By Randy Vogt
The referee can overrule the assistant referee but the assistant can never overrule the ref. The assistant is to assist the referee and not insist instead.
We have a situation in which the ball has gone over the touchline near the assistant referee, who indicated that it is blue’s throw-in. However, the AR did not see the last bounce off a blue leg so it should be red’s throw-in instead. The referee should blow the whistle and indicate that it’s a red throw by pointing the direction that red is going. The ref should also say something nice to the assistant such as, “Thanks, Bob, but you were screened when the ball last came off blue so it is red’s throw.” The assistant should then point the flag in red’s direction.
A referee should not overrule the AR often, otherwise the officiating crew will not be working as a team and the players will realize that the ref has no confidence in his or her assistant -- so why should the players?
While overruling the assistant may be necessary on one or two occasions during the match when the ball is out of play, it is absolutely dangerous when the ball is in play.
When an assistant’s flag goes up to signal an offside or foul, players tend to stop, even if they have been told to play the referee’s whistle, not the assistant’s flag.
It’s a lesson that I learned the hard way while refereeing a college game two decades ago. A red player headed the ball in the general direction of a teammate in an offside position. The assistant made the mistake of raising his flag immediately and the blue defender momentarily stopped. From my angle, I could see that the red player was probably dribbling the ball rather than passing it so no offside should have been called. My interpretation was in conflict with the assistant’s.
The player recovered the ball without his teammate playing it, dribbled to the goal and scored. A relatively easy game became difficult from that point on as the blue team thought that I allowed an offside goal. Clearly, the assistant and I did not work as a team on this important call.
As soon as the flag was raised, I should have blown the whistle and given the offside as it was not clear whether it was a pass or dribble at that point. I should have gone with the AR’s interpretation rather than telling him to lower the flag.
The bottom line is that the only time that a referee overrules the AR while the ball is in play is if all 22 players on the field know that the AR is clearly wrong.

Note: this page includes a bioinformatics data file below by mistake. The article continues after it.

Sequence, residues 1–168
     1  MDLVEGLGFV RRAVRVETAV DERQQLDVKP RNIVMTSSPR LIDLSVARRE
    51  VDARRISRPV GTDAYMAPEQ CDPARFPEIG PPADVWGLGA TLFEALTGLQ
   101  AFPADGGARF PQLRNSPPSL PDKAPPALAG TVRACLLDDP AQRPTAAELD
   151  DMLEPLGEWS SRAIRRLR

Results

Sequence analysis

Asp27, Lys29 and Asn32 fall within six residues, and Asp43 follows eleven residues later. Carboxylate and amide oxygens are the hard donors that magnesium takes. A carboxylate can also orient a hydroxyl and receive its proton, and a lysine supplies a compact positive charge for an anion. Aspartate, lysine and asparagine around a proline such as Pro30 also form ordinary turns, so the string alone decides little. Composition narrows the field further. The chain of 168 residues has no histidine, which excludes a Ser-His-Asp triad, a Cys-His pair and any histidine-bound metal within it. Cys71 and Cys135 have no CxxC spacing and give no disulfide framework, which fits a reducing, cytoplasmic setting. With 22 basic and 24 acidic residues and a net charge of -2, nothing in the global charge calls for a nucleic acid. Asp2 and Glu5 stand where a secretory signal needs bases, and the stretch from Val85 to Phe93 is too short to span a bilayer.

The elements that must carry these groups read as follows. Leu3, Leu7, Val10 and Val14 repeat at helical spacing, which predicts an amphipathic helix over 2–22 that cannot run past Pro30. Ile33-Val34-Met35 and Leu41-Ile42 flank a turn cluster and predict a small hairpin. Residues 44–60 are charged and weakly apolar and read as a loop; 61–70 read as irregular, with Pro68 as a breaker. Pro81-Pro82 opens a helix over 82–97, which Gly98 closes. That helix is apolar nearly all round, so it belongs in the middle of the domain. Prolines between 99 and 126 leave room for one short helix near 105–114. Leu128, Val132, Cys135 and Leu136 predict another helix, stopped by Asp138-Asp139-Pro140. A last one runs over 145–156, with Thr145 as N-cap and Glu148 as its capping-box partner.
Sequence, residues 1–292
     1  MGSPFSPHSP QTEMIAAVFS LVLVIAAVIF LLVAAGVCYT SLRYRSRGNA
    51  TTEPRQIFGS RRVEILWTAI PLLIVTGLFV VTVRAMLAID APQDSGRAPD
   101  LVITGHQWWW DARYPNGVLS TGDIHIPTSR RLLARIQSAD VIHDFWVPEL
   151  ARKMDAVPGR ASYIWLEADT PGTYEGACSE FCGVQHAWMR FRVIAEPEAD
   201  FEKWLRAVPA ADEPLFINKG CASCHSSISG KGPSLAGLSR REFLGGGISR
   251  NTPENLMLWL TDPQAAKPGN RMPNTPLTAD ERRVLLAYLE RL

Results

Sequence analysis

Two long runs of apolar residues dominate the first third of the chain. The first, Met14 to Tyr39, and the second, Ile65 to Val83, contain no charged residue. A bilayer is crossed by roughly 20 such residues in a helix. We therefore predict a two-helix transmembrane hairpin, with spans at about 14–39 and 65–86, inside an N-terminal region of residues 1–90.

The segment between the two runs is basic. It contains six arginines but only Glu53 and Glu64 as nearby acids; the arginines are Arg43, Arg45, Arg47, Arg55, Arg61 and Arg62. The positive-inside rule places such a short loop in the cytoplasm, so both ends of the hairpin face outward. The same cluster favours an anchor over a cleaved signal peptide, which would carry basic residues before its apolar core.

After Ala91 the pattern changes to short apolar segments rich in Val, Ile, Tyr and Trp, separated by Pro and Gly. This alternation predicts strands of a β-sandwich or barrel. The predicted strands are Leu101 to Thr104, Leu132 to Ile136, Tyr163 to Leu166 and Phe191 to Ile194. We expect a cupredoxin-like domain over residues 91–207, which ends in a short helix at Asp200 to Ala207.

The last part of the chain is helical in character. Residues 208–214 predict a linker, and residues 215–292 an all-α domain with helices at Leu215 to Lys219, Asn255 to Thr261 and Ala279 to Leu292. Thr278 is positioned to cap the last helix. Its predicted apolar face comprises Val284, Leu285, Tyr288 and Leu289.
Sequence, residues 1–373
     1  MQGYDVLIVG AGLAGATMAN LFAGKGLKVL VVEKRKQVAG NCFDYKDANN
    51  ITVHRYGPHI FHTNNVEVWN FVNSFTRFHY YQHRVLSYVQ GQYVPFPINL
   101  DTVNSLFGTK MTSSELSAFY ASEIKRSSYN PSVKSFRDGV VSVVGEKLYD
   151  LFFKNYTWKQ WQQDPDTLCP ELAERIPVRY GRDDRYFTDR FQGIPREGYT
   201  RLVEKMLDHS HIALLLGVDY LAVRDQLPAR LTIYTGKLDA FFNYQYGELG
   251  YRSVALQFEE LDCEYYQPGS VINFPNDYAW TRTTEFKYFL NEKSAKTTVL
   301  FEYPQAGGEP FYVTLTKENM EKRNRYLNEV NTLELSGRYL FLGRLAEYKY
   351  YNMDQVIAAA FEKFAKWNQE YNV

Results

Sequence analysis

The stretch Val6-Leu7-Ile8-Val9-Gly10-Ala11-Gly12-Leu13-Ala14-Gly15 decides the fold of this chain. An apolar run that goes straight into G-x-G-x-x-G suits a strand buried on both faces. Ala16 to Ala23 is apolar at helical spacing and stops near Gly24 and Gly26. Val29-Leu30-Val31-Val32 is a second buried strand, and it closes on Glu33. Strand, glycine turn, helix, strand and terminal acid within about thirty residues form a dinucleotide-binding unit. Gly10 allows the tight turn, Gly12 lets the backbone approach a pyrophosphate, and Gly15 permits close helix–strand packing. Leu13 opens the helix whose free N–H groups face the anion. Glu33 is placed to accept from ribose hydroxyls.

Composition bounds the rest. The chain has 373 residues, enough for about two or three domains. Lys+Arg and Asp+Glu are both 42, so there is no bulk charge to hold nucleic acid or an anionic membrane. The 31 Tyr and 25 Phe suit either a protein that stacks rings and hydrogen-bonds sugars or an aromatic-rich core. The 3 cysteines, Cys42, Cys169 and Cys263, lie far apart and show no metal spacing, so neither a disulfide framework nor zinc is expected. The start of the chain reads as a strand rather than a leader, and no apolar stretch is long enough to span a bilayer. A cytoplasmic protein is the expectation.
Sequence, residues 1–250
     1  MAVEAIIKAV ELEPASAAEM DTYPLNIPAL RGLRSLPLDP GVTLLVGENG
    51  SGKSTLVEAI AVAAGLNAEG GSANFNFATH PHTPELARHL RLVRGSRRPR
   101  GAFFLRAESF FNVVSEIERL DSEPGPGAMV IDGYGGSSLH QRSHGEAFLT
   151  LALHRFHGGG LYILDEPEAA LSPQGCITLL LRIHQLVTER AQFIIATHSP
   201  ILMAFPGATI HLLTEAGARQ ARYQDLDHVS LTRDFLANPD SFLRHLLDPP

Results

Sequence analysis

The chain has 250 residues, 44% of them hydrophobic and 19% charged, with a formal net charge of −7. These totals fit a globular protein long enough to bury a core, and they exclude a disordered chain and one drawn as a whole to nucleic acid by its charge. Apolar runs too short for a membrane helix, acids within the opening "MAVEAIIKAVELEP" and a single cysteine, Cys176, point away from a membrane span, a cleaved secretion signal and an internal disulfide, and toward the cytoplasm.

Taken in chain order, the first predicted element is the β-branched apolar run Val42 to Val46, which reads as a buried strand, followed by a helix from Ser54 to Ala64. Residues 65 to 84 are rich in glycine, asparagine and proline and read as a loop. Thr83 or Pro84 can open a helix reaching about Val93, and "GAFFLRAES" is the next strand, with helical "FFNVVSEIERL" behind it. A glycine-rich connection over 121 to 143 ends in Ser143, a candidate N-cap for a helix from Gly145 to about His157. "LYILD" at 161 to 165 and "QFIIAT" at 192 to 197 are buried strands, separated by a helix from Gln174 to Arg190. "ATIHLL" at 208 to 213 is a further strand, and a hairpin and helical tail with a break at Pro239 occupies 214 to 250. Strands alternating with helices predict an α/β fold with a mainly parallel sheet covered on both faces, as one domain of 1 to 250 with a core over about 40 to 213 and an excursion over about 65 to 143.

Let’s take this a step further and mention a boys under-16 game in which I was the AR and the shoe was on the other foot. Both the other assistant and I were well positioned with the second-to-last defender throughout the match to flag for offside. Yet, the referee decided to whistle for offside when we kept our flag down on five different occasions -- two in my half of the field, three in the other AR’s half. The game became an absolute disaster! Three players of the losing team were sent off near the end of the game for using abusive language when they cursed the referee.
Let me also describe two instances during college games from a number of years ago in which MLS refs (who should know better) created problems for the officiating crew by overruling ARs during the course of play, giving the impression that they did not have the confidence in that AR.
The first example is a ball was played at midfield to an attacker who was onside. But she could not get to the ball as the defender pushed her 10 yards from me as soon as the ball was passed. I twirled the flag in my right hand, signaling the defense committed a foul. The ref signaled for me to lower the flag, which I did. The defender who intercepted the pass after the push played the ball upfield and the ball was in the back of the net 10 seconds later. Loud dissent followed from the other team, who had seen my flag. At halftime, we talked about my decision and the other assistant referee, with a more panoramic view of the field, had seen the foul too and questioned the ref why he had overruled me. The ref’s answer was that he did not think a foul had occurred. He apologized.
The second example involved a pass inside the penalty area. At the time the ball was played by an attacker, the ref standing nearby thought all attackers were in onside positions. The ball deflected off a player to an attacker near the goal. The other AR’s flag went up for offside. The ref told him to lower the flag as the defense questioned why the ref overruled the AR. Thankfully, the shot was saved by the keeper. The ref and AR discussed it later and the ref thought that the ball deflected off the defender and since he believed all attackers were onside at the time the ball was originally played by an attacker, offside should not be given. Yet an attacker was standing next to that defender so it certainly could have been played by an attacker to a teammate in an offside position near goal.
In both games, goals were later scored in tight offside situations with the overruled AR and loud dissent followed. Not simply because the disallowed goal was incorrect -- replay would prove it was right. But because the ref had shown no confidence overruling that AR in close decisions before the goal.
(Randy Vogt has officiated over 8,000 games during the past three decades, from professional matches in front of thousands to 6-year-olds being cheered on by very enthusiastic parents. In "Preventive Officiating," he shares his wisdom gleaned from thousands of games and hundreds of clinics to help referees not only survive but thrive on the soccer field. You can visit the book’s web site at www.preventiveofficiating.com/.)